I so enjoyed Baxter’s Christmas Wish, the lovely novella by Sharon Booth (you can read my review here), and I’ve really taken far too long to try one of Sharon’s full length novels. Faced with an unexpected gap in my reading schedule, and feeling I needed a read that would provide a bit of a cuddle, I toyed with visiting Skimmerdale – then I thought about maybe dropping in at Kearton Bay. And now there’s Bramblewick to entice me too. But then I remembered that I’d downloaded Resisting Mr Rochester – published by Fabrian Books over the summer, available for kindle and in paperback. I read the first few pages, remembered just how much I’d enjoyed Sharon’s writing, and within moments I was totally hooked.
Cara Truelove has always been a romantic, burying her head in books and dreaming of being swept off her feet by her very own Brontë hero. When she was a gullible teenager, she believed boyfriend Seth to be a modern-day brooding Heathcliff. Fourteen years later, when Seth has proved to be more like Homer Simpson, Cara vows never to fall in love again, and turns her back on romance for good.
Leaving Seth behind, Cara secures a job as nanny at Moreland Hall on the Yorkshire Moors, but is shocked to discover her new employer is none other than the tall, dark, and disturbingly handsome Mr Rochester.
Her resolve to be more level-headed is soon tested when strange things begin to happen at Moreland Hall. Why is Mr Rochester’s mother hidden away upstairs? What are the strange noises she hears from the attic? Why is the housekeeper so reluctant to leave her on her own? And where is Mr Rochester’s mysterious wife?
As events unfold, Cara knows she must keep a cool head, curb her imagination – and resist Mr Rochester at all costs. After all, one Brontë hero in a lifetime is more than enough for any woman. Two would be downright greedy.
I think I need to warn you that this is going to be a totally uncritical review – I might even gush a little. This book was just gorgeous, sheer enjoyment from beginning to end. I said I needed a bit of a cuddle, and that’s exactly what this book delivered.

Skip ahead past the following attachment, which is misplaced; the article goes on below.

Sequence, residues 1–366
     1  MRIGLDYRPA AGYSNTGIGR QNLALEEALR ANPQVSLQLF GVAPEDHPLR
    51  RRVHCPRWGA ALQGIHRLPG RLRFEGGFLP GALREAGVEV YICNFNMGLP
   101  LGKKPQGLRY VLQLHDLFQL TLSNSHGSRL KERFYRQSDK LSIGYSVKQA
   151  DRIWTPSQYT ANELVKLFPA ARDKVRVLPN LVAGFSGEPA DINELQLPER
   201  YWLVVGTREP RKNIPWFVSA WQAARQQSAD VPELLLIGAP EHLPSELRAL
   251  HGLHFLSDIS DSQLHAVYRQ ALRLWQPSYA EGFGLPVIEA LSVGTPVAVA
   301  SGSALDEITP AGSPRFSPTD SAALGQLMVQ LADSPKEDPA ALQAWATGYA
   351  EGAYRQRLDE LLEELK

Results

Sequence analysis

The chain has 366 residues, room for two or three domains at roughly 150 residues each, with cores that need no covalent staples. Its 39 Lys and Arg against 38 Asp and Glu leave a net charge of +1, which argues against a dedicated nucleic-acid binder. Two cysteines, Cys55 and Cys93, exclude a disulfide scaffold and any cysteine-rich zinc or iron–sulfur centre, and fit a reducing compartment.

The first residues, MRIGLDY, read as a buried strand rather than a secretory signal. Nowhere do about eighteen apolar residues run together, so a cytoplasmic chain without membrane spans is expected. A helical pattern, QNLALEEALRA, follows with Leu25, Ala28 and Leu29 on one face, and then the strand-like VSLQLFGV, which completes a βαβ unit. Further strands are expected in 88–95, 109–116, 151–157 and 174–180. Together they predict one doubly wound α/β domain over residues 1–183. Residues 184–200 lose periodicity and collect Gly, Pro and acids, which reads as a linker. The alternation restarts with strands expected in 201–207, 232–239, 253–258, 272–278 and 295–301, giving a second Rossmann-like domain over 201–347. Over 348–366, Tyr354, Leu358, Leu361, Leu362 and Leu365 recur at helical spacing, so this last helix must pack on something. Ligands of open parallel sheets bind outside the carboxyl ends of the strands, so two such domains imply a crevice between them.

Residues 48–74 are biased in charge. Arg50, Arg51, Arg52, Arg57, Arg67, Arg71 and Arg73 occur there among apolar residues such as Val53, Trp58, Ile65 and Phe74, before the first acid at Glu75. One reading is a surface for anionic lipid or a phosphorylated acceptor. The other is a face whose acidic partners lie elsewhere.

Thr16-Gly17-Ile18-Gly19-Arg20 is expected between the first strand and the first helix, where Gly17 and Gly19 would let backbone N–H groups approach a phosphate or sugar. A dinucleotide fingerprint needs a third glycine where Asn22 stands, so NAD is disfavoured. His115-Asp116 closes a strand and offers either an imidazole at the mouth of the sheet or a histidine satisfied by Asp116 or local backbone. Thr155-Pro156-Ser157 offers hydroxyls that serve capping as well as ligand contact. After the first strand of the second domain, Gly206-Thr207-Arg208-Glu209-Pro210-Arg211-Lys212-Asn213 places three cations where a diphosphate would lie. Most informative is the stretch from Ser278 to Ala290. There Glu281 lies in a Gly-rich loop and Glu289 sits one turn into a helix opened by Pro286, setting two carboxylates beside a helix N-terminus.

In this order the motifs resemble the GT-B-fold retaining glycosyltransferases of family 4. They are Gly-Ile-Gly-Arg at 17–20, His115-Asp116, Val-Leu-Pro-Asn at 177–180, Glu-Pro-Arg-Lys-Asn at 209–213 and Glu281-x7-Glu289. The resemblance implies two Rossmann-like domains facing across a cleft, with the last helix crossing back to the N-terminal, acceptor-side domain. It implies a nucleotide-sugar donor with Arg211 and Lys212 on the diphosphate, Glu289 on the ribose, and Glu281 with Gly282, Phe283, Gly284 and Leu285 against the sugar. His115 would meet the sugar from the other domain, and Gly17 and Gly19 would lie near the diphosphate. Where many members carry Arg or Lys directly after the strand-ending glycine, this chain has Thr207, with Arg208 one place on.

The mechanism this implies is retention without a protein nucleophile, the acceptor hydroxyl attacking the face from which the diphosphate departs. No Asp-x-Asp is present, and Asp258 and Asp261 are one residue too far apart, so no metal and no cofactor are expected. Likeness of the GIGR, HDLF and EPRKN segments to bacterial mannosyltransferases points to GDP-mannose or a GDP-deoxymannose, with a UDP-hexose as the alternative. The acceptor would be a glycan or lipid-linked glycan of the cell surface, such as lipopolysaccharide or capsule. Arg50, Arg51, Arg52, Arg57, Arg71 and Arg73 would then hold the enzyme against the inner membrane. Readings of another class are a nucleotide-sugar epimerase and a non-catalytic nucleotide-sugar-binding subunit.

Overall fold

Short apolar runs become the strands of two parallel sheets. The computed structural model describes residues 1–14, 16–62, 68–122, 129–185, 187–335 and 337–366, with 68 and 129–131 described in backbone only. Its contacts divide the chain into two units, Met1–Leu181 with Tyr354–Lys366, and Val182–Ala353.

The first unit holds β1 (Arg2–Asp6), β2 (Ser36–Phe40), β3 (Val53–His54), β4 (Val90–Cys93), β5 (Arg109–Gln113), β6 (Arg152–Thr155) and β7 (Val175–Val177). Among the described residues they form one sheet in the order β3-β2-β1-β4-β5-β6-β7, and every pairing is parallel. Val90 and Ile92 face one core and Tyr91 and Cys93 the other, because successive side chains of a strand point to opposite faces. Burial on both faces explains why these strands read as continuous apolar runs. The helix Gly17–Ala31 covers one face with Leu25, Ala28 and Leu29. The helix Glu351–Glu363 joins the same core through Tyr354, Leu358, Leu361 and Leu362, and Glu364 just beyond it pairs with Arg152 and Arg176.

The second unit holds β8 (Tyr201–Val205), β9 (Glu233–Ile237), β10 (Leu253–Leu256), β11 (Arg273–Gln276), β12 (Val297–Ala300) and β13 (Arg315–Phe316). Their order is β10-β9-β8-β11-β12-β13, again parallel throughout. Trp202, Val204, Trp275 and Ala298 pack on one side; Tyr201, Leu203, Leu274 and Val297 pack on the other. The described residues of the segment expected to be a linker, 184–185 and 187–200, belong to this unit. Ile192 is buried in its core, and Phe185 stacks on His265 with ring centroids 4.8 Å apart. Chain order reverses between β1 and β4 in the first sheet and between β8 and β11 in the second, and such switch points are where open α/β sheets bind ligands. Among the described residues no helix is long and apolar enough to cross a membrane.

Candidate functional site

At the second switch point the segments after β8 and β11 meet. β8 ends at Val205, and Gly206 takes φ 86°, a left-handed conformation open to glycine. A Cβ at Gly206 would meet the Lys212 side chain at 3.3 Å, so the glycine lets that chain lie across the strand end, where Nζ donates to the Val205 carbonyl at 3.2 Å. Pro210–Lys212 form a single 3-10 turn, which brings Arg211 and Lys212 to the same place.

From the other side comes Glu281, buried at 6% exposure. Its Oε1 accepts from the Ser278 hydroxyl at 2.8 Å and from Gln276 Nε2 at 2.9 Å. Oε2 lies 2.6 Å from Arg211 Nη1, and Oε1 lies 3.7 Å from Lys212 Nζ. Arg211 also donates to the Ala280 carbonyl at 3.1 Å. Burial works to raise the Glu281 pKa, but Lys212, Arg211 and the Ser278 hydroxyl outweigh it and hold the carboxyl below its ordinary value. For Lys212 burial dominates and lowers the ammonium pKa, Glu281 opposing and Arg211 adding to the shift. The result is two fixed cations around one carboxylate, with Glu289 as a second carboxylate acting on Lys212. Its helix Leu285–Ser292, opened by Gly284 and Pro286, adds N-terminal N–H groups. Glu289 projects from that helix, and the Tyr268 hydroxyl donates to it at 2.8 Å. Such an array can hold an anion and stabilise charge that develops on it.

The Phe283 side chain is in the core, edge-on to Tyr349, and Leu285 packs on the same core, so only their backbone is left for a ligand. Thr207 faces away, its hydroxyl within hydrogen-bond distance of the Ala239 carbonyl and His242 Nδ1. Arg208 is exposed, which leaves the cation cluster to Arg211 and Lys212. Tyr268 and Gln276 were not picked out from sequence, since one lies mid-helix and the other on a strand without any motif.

Being a fan, I loved the Brontë allusions, so cleverly done – Cara’s disappointment with her very imperfect Heathcliff and her discovery instead of the wonderful Mr Rochester in his stately pile, complete with ward Adele, housekeeper and strange goings on in the attic. But there’s really a bit of everything in this book – family drama and confrontation, secrets and lies, a bit of a mystery, a journey of self-discovery, and a romance that develops just perfectly and makes you feel all warm and fuzzy inside.
I adored Cara from the very beginning – she’s such a wonderful character, with a wry sense of humour and a warmth you can feel, and I was so angry for her at the way she was taken advantage of at every turn and made to believe that she wasn’t as worthy as everyone else. In fact, every character, no matter how peripheral to the story, is perfectly drawn – I have a particularly soft spot for Cara’s lovely father. I also fell unreservedly for Mr Rochester – and would defy any reader not to feel the same.
Sharon Booth writes quite beautifully – shifting with absolute ease from humour (the texted poems from Seth, with their more mundane postscripts, are just perfect, and very funny…) through sadness, strong emotion, and with superb descriptions of the setting of Moreland Hall and the Yorkshire Moors. I loved the secret garden, wanted to sit on that swing and inhale the perfume of the pink-tinged white roses too – if Mr Rochester could join me there too, my life would be complete.
I was going to say that this was a perfect summer read – but it was actually a perfect read for any time of year. Read it in the depths of winter, and it’ll bring a perfect inner glow to your dark days. I really loved this book – but you can tell, can’t you?
My reading e-copy of this book was purchased from Amazon.
About the author
Sharon wrote her first book when she was ten. It was about a boarding school that specialised in ballet, and, given that she’d never been to boarding school and hadn’t a clue about ballet, it’s probably a good thing that no copy of this masterpiece survives. She is the author of seven novels, and has also written for The People’s Friend.
Sharon lives in East Yorkshire, with her husband and their dog. She is one tenth of The Write Romantics, and a member of the Romantic Novelists’ Association.
She has a love/hate relationship with chocolate, is a devoted Whovian, and prone to all-consuming crushes on fictional heroes. The situation has recently become critical since she was given a DVD of Outlander for Christmas.